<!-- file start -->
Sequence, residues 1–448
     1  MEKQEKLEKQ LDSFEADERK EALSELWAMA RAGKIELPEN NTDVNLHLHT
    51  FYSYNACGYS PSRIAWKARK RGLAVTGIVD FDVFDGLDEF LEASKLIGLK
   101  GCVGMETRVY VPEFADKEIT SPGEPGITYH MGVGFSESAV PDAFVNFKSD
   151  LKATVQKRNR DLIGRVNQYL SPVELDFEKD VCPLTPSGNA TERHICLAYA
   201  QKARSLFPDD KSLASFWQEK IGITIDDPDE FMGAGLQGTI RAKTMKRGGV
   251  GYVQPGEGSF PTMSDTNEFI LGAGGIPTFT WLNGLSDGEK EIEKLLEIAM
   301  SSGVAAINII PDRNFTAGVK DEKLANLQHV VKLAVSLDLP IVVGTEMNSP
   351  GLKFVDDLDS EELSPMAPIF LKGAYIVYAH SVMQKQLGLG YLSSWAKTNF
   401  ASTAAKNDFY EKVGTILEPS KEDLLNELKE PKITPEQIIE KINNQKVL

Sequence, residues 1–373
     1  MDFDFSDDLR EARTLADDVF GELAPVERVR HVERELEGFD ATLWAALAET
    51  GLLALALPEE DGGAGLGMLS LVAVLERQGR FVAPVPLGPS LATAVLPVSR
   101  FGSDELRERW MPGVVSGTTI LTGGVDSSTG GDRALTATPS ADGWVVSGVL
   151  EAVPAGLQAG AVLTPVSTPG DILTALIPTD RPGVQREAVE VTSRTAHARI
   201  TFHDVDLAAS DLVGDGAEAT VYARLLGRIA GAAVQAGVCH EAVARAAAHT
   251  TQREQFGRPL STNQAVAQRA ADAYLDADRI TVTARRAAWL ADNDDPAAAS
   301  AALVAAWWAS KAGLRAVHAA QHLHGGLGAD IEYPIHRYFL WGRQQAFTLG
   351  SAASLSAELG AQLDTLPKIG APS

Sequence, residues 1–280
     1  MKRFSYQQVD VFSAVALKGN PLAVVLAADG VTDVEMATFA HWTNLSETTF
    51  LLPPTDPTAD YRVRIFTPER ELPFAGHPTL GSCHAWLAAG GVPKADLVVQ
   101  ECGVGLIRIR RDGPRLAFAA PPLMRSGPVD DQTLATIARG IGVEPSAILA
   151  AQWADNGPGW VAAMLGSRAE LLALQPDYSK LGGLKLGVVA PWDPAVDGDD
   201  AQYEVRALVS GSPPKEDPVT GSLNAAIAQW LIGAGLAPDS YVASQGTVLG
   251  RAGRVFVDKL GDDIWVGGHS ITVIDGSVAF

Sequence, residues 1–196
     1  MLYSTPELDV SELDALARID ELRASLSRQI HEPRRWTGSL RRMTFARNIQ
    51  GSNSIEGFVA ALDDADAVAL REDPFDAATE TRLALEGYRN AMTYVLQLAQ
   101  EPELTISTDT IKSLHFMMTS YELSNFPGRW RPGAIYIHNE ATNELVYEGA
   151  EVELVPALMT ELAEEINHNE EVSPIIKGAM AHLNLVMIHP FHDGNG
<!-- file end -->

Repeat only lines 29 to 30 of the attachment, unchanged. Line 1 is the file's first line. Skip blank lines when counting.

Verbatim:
    51  GSNSIEGFVA ALDDADAVAL REDPFDAATE TRLALEGYRN AMTYVLQLAQ
   101  EPELTISTDT IKSLHFMMTS YELSNFPGRW RPGAIYIHNE ATNELVYEGA